It's important to remember that involvement in the complaint process is protected from workplace discrimination and retaliation in all circumstances. Other acts that oppose employment discrimination are covered as long as the worker acted because he or she believed California labor laws were being broken. Participating in protected activities, on the other hand, would not automatically protect employees from punishment or dismissal.

What are Adverse Job Actions?

These are actions that are likely to impede an otherwise well-performing employee's job performance, development, or promotion opportunities in their chosen field. Acts that simply irritate or tease an employee, on the other hand, are not considered instances of unprofessional conduct.

The true motive for taking adverse job action in the first place is a significant driving factor. It's possible that this is discriminatory, but it's not always the case.

Employers in California are prohibited from taking any action that would discourage someone from opposing or complaining about alleged discrimination if an employee is engaging in unlawful activity. If this is the case, you can contact one of our pre-screened employment attorneys in California right away.

Here are some examples of retaliation by an employer against an employee who engages in protected activities:

  • Reprimanding the employee or making an unfair or inaccurate view of his or her job performance.

  • Transferring the employee to a less desirable role.

  • Making a verbal or physical harassment report.

  • Threatening to report an employee to immigration officials or the police.

  • Growing criticism of an employee without proper justification.

  • Spreading False Information or Gossip Among Employees

  • Making the employee's job more complicated by changing his or her schedule and assigning him or her to a difficult-to-reach role.

  • Changing the employee's job duties to something less appealing.

  • Putting a pay freeze in place.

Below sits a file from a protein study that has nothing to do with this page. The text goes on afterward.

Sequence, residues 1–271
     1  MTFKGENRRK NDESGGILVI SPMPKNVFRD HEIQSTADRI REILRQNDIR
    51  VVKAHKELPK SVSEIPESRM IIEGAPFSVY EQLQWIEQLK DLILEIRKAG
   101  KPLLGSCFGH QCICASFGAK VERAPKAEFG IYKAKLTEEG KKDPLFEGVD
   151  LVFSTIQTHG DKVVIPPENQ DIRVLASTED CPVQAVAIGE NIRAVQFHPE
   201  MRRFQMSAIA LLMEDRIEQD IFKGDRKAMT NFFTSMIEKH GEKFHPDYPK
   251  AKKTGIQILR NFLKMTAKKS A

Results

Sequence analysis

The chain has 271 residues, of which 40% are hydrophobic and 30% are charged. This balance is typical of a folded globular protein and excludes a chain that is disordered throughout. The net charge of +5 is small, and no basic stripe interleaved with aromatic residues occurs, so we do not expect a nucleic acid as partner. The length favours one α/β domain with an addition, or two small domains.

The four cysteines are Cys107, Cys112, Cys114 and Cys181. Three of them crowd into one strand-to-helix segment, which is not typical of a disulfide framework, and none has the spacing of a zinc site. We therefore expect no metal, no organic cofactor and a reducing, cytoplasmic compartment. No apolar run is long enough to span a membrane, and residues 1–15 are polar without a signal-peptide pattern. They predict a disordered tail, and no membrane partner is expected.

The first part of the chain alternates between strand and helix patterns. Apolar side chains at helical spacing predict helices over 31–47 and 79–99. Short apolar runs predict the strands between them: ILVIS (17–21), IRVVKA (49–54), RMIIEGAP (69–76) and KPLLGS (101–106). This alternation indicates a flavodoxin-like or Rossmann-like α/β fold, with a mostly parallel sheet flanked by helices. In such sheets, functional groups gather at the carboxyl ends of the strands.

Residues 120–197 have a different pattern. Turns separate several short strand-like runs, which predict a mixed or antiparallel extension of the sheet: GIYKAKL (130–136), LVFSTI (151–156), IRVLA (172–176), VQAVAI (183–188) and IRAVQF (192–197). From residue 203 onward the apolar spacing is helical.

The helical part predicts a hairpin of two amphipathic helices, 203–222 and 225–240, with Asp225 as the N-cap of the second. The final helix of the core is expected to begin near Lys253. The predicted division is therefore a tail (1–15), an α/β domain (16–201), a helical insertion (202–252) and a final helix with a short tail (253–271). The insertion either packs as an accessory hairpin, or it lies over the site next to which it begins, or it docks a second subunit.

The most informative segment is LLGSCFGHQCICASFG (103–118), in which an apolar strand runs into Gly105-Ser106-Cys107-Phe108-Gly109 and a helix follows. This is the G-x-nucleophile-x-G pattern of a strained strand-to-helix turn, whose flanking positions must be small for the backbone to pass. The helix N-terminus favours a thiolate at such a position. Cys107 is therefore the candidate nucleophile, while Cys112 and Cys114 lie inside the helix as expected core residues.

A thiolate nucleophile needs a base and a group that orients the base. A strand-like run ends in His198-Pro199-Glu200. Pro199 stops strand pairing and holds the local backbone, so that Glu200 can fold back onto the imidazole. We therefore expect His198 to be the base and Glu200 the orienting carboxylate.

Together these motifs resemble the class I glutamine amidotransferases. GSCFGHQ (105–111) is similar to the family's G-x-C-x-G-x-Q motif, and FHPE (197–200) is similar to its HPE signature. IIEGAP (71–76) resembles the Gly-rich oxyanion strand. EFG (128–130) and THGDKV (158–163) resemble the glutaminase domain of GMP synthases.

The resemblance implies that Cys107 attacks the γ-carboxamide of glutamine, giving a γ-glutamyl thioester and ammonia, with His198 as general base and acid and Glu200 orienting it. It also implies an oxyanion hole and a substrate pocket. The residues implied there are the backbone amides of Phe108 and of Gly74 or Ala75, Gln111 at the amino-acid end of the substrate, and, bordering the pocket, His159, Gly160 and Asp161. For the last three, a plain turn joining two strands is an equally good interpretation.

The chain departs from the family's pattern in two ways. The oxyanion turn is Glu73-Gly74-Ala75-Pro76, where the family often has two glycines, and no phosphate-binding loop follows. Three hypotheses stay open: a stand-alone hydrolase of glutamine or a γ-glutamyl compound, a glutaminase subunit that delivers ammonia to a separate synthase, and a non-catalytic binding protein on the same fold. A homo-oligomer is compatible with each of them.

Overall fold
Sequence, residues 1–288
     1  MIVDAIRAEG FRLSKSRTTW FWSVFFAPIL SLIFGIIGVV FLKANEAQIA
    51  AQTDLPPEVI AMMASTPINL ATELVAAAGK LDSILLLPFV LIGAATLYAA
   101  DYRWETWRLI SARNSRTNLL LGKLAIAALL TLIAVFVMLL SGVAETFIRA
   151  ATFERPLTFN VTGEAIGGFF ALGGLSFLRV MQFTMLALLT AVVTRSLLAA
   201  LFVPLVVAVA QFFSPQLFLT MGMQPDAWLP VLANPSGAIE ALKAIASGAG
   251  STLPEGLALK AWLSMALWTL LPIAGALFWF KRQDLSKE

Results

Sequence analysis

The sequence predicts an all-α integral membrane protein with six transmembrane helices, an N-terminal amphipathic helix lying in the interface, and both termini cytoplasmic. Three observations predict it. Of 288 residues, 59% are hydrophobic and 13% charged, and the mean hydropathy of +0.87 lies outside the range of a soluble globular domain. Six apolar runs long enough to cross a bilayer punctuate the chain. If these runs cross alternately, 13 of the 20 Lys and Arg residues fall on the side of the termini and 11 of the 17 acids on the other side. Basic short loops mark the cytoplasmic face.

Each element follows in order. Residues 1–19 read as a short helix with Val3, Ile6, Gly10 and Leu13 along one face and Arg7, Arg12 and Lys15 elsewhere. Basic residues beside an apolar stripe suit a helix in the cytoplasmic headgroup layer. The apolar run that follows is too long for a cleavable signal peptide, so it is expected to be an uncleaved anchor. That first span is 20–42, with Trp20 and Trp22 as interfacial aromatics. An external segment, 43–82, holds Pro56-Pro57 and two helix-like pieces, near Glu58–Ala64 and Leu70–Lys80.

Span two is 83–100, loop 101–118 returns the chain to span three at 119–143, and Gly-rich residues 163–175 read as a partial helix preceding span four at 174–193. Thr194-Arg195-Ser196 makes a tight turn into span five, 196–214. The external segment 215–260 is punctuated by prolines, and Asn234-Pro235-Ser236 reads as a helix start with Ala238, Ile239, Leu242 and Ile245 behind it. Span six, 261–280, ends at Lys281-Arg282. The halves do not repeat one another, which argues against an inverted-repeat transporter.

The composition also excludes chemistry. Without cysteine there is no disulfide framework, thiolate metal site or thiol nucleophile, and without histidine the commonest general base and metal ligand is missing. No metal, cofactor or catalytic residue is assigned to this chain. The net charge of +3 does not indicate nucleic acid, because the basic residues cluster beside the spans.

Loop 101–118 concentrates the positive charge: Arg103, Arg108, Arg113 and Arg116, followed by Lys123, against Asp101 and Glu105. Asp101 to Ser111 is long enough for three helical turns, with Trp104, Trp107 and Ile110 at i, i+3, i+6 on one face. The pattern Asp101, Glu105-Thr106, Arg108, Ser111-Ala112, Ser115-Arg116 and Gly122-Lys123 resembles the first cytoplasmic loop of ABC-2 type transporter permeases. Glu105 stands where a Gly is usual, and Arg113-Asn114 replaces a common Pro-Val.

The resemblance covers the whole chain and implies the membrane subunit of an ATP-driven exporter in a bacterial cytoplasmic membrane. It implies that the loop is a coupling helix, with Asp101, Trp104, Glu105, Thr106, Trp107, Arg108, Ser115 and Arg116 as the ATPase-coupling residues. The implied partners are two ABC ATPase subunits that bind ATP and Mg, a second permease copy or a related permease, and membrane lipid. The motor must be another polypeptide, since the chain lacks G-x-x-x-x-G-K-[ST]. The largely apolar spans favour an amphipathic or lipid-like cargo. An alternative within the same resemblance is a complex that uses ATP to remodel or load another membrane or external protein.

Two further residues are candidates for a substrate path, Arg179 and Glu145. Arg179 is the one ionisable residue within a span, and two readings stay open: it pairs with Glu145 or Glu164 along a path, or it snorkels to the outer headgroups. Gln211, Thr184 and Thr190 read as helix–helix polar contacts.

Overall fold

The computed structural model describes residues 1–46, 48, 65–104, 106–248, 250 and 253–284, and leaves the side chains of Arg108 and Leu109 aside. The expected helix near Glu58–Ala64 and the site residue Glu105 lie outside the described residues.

What Are Other Protected Workplace Practices?

In most cases, if you pursue a retaliation lawsuit, it will be done by the Equal Employment Opportunity Commission (EEOC). Here are examples of things you can do that companies and employers are not allowed to impede or punish:

  • Pursuing a lawsuit or testifying in one

  • Making a complaint about abuse or prejudice to an employer or HR

  • Refusing to follow workplace rules or orders that are illegal

  • Refusing to follow workplace rules, orders, and practices that may lead to any form of discrimination

  • Resisting sexual harassment or sexual advances (not exclusive to incidents where there is physical contact, verbal harassment counts)

  • Intervening when acts of racial harassment in the workplace are occurring

  • Requesting a disability accommodation

  • Requesting your or other people's religious beliefs be accommodated

Federal Law on Retaliation

Retaliation in the workplace is prohibited by a number of federal statutes:

  • Title VII of the Civil Rights Act of 1964

  • Age Discrimination in Employment Act of 1967 (ADEA)

  • Fair Labor Standards Act (FLSA)

  • Family and Medical Leave Act (FMLA)

  • Americans with Disabilities Act of 1990 (ADA)

  • False Claims Act (FCA)

California Law on Workplace Retaliation

The California Labor Code provides numerous additional provisions against retaliation to workers in the state, in addition to barring retaliation against an employee for many of the same purposes that are prohibited under federal law.

As an example, the California Labor Code forbids retaliation against an employee who does any of the following:

  • Taking time off work to serve as jury

  • Taking time off work to testify in a criminal proceeding

  • Taking time off from work to cope with the consequences of domestic abuse or sexual harassment, or otherwise to ensure his or her own safety and health

  • Taking time off from work to act as a volunteer first responder

  • Requests a break to breastfeed a newborn child

Currently, the employer is not permitted by California employment law to respond to an EEO activity in a way that discourages you from reporting or opposing potential discrimination. If your employer acts in reaction to your EEO operation in the following ways, it may be considered retaliation:

  • Give you evaluation scores that are lower than what you objectively deserve.

  • You are subjected to physical or verbal assault (within or outside the workplace, for as long as it can be traced back to your employer).

  • Nitpicking your work put you under more scrutiny than is warranted

  • You are demoted.

  • They circulate false, defamatory rumors about you with malicious intent.

  • They treat your family members poorly (like terminating a contract with your siblings, spouse, or parents)

  • Threaten you.

  • Reprimand you.

  • Creating a more difficult working environment (i.e., assigns you an inconvenient location when there are other employees who live nearby, give you the hardest tasks, etc.)

Wrongful Termination as a Result of Discrimination

If you were fired from a job because of your race, you already have a wrongful termination suit on your hands. California's Equal Housing and Jobs Act (FEHA) explicitly bans discrimination based on race and other protected characteristics. If you were fired as an act of retaliation, then that's a lawsuit on top of a Wrongful Termination claim.